Crowdfunding refers to the practice of using monetary contributions from a crowd of people to fund a venture or product. This alternative finance is also a type of crowdsourcing. Estimated figure shows that from across the globe, more than 34 billion US dollars was raised in 2015 through this alternative finance.
The system has been leveraged to fund varieties of entrepreneurial ventures, including creative projects, artistic ventures, travel, medical expenses, as well as community-based social entrepreneurship projects.
According to the report from Crowdfunding Centers in May 2014, there are two primary types of this project funding system, namely:
#1: Rewards Crowdfunding: For this type, users (usually entrepreneurs) engage in pre-selling a product or service as a way of launching a business concept in a debt-free manner. It also helps them not to sacrifice shares/equity.
#2: Equity Crowdfunding: Here, the backer or funder gets a company’s shares, usually at the early stages of the company, as an exchange for the fund or money pledged.
How Does It Work?
As pointed out earlier, the system works by allowing participants to seek donations in return for certain rewards. The reward could be participation in the product’s development or free product/service. Website platforms such as Kickstarter offer this project funding service.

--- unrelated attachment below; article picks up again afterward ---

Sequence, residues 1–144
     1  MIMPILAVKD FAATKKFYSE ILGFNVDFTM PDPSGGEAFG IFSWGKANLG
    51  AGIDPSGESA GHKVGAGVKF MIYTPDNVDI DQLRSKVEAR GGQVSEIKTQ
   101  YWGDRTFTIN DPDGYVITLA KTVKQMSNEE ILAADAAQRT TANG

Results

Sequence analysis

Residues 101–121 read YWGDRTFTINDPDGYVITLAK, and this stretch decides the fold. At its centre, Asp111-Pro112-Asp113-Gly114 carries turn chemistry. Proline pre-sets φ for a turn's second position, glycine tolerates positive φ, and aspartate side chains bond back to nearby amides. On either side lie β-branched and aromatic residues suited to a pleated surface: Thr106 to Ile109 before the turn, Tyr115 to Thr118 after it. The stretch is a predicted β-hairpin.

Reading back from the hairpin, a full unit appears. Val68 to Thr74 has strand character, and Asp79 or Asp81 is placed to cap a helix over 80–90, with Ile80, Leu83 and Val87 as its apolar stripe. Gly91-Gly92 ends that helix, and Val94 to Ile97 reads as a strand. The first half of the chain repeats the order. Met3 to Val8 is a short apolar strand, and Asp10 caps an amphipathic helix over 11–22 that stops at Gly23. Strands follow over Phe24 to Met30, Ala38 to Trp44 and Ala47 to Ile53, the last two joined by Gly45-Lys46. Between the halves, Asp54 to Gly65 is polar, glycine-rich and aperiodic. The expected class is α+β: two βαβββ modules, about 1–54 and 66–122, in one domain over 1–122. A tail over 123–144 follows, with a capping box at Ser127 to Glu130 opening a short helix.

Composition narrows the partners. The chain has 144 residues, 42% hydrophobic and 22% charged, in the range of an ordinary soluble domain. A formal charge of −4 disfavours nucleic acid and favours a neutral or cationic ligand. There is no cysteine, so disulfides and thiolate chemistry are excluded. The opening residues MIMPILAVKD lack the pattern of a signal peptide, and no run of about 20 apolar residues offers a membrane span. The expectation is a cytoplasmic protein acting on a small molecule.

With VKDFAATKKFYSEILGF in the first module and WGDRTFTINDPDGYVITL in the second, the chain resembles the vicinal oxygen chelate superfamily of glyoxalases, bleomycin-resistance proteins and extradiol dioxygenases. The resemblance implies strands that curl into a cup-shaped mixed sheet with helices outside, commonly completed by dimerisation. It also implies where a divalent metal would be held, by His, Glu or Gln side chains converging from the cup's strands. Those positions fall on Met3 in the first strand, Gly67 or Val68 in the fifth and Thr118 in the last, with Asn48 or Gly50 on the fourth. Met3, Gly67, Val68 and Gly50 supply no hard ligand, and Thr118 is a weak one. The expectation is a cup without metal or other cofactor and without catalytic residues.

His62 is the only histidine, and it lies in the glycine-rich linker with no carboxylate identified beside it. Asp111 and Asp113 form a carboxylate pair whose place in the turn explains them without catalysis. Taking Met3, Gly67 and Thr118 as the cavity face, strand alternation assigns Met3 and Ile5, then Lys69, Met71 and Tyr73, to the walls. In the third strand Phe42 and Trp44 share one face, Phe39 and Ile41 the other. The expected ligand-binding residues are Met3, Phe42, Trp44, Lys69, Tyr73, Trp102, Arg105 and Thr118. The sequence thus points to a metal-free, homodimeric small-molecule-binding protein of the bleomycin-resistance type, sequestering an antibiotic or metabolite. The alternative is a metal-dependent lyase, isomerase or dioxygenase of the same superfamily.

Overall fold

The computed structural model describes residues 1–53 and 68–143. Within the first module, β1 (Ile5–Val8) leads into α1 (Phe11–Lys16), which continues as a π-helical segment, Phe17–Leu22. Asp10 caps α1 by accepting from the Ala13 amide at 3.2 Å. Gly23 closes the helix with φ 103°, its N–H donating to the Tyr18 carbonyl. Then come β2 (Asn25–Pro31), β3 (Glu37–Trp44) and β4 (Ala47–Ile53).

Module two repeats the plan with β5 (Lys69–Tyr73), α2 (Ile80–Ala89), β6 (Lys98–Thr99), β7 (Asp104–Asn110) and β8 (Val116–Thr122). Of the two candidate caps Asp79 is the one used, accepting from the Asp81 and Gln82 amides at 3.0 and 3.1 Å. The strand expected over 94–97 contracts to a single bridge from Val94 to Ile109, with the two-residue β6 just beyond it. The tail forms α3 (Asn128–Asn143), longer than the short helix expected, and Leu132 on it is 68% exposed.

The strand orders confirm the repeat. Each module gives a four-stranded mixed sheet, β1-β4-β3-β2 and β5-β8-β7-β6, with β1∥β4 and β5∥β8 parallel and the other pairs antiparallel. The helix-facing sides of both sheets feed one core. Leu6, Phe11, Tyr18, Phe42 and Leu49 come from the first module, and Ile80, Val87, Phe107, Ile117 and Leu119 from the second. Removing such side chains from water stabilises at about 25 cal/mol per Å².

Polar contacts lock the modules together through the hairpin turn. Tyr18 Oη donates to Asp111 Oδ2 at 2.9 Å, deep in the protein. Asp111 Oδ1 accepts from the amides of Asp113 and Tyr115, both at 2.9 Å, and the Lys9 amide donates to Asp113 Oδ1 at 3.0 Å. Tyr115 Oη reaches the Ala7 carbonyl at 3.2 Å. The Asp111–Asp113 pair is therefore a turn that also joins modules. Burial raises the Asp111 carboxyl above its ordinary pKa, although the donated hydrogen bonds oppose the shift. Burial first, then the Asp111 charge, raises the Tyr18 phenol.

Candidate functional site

The additional uses of crowdfunding include assembling loans and accomplishing royalty financing. Some of the providers enable participants to invest directly in, as well as borrow from other participants. They justify the system with the claim that middlemen are eliminated, leading to win-win situations for both parties in the transaction.
The system offers an alternative technique for startups or companies in their early stages to fund their projects or take their business concept to another level. This helps reduce the hitch that comes with traditional borrowing (from financial institutions), especially when startups and small businesses are involved.